Like cars and motorcycles, collecting guitars runs well beyond a set of numbers on a spreadsheet. If you're a proficient musician, you can actually play the guitar which Slowhand, Jimi or Keef played every day if you wish. Being able to sample the delights of your V12 Ferrari (more than half of the most valuable cars in the world wear a Prancing Stallion) or hear the burble of a Vincent, Brough Superior, Harley-Davidson, indian or Crocker is one of the key advantages of investing in passion. There are more frictional losses and overheads with "investments of passion" than traditional stocks and bonds, and insurance and safe-storage is an overhead that should not be overlooked, but it's noteworthy that when an investment fund was established for guitars a few years ago, part of the deal for investors was that they were allowed to play with the guitars. Investments of passion are a more connected and tangible form of investment than traditional asset classes.
Just the same, entertainment memorabilia is fetching substantial prices such as US$5.52 million for Marilyn Monroe’s Dress from The Seven Year Itch, $4.4 million for Audrey Hepburn’s Ascot dress from My Fair Lady and $4.0 million for The Maltese Falcon from the The Maltese Falcon.
The Lion costume from The Wizard Of Oz sold for $826,000. Steve McQueen's racing suit from Le Mans went for $984,000 and Audrey Hepburn's Hubert de Givenchy "little black dress" from Breakfast at Tiffany’s went for $923,187.
Whereas once such items of cultural significance might make an occasional splash in the media at a Bonhams, Christies or Sotheby's auction, nowadays there are specialist auction houses such as Profiles in History, Juliens, Skinner Inc., The Fame Bureau, and Guernseys which make almost weekly news with major new consignments and what has become a steady flow of significant cultural memorabilia. And all the major houses now have entertainment memorabilia auctions regularly, too.
The records set
As the most expensive performance-played guitar, Lennon's Gibson displaces the Fender Stratocaster with which Bob Dylan delivered his famous "electric" performance at the 1965 Newport Folk Festival which Christies sold for $965,000.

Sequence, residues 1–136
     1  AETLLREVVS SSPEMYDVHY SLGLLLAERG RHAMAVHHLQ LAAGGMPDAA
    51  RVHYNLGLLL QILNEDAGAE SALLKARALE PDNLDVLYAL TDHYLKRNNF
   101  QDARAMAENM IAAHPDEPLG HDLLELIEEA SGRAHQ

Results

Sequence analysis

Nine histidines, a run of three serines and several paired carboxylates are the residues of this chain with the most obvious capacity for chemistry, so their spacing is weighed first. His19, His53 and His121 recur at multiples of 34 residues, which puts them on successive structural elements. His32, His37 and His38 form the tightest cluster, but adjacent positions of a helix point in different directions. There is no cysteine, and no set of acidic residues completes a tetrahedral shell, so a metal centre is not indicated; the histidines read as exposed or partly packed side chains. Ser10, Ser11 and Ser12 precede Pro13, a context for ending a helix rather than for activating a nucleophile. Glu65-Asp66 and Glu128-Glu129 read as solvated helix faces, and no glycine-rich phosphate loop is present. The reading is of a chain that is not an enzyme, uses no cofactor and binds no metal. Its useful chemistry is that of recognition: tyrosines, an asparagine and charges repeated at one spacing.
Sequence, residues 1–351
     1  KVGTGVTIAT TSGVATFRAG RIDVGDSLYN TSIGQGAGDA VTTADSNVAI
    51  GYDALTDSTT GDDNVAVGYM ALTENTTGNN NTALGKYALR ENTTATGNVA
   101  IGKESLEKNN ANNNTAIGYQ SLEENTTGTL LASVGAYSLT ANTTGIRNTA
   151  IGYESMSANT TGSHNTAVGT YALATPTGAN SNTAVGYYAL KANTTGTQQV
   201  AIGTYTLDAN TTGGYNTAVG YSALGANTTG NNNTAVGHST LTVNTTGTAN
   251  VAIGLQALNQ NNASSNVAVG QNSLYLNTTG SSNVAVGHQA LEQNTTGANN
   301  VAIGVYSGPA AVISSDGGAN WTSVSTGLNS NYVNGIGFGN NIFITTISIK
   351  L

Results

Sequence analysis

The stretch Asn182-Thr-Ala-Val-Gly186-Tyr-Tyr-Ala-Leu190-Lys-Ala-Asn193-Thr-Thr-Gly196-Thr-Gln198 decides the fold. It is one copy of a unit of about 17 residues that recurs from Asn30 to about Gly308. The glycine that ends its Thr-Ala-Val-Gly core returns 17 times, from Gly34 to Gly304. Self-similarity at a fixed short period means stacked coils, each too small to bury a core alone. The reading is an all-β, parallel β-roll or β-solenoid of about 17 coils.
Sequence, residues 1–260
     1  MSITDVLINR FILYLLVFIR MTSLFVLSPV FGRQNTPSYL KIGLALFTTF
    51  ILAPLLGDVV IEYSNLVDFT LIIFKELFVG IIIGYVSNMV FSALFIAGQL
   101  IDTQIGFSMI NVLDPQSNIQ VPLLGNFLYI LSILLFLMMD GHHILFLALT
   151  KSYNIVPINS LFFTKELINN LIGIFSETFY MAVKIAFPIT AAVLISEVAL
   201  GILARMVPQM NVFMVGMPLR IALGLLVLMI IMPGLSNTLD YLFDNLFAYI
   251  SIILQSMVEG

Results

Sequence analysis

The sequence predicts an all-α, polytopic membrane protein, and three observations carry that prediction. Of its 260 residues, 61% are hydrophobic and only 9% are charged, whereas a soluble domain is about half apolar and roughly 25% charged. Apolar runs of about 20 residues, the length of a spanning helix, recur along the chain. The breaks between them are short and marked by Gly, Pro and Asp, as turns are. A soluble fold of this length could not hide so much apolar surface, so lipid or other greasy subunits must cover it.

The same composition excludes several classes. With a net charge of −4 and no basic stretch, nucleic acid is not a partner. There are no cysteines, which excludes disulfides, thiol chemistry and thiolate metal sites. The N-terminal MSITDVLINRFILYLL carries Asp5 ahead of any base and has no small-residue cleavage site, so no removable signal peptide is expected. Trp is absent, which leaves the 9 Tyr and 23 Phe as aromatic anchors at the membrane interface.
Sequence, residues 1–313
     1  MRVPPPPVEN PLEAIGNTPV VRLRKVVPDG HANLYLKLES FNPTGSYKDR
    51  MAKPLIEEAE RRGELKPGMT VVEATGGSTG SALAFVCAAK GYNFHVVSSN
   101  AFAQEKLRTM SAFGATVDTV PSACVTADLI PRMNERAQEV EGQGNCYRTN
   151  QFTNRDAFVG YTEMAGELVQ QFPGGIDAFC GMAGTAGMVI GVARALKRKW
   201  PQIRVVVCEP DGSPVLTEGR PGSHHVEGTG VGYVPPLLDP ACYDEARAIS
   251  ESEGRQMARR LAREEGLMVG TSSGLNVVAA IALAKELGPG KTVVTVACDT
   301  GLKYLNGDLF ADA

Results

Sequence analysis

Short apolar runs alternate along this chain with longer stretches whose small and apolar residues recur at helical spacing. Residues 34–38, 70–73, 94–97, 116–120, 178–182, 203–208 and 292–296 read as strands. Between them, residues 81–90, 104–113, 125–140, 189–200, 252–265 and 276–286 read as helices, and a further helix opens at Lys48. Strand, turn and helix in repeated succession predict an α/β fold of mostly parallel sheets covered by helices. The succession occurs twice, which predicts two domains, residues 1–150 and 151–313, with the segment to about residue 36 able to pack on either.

It also exceeded the prices at auction of such famous guitars as Eric Clapton's famous "Blackie" Fender Stratocaster used in recording of Cocaine and I Shot The Sheriff, which fetched $959,500, the 1939 Martin guitar used during his MTV Unplugged performance which sold for $791,500, the 1965 Fender Stratocaster which Jimi Hendrix set on fire at the Finsbury Astoria ($560,000), the white Hendrix "Star Spangled Banner" Strat from Woodstock (sold privately for US$2,000,000, last sold at auction in 1990 when it fetched $325,000 – both were records at the time) and the 1942 Martin D-18 which was used by Elvis Presley in countless films and performances sold for $180,000 in 1995.
Brownie, the Strat which Clapton used in recording Layla sold in 1999 for $497,500, and Rolling Stones' Keith Richards Gibson 1959 Les Paul Standard was rumored to have fetched more than $1,000,000 in a private unconfirmed sale. The guitar was used throughout the Rolling Stones’ 1964 US tour and the Ed Sullivan Show, and was used on hits such as Little Red Rooster, Time is on My Side, The Last Time, Get Off My Cloud, Let’s Spend the Night Together and, when used through a Gibson Maestro pedal, in Satisfaction. This guitar was the one which Gibson's official website refers to as an "era-defining fuzz riff."
Lennon's J-160E Gibson full history
In September of 1962, John Lennon and George Harrison each purchased jumbo J-160E Gibson acoustic guitars from Rushworth's Music House in Liverpool for £161. The guitars were said to have been flown to England by jet from America after being specially ordered. The two guitars were identical apart from the serial numbers.
In December 1963, during The Beatles' Finsbury Park Christmas Show, John's guitar went missing and he later replaced it with a 1964 model. After being lost for over 50 years, the guitar went for auction at Julien's Auctions Icons & Idols Rock n' Roll Auction event on Friday, November 6, 2015 and Saturday, November 7, 2015.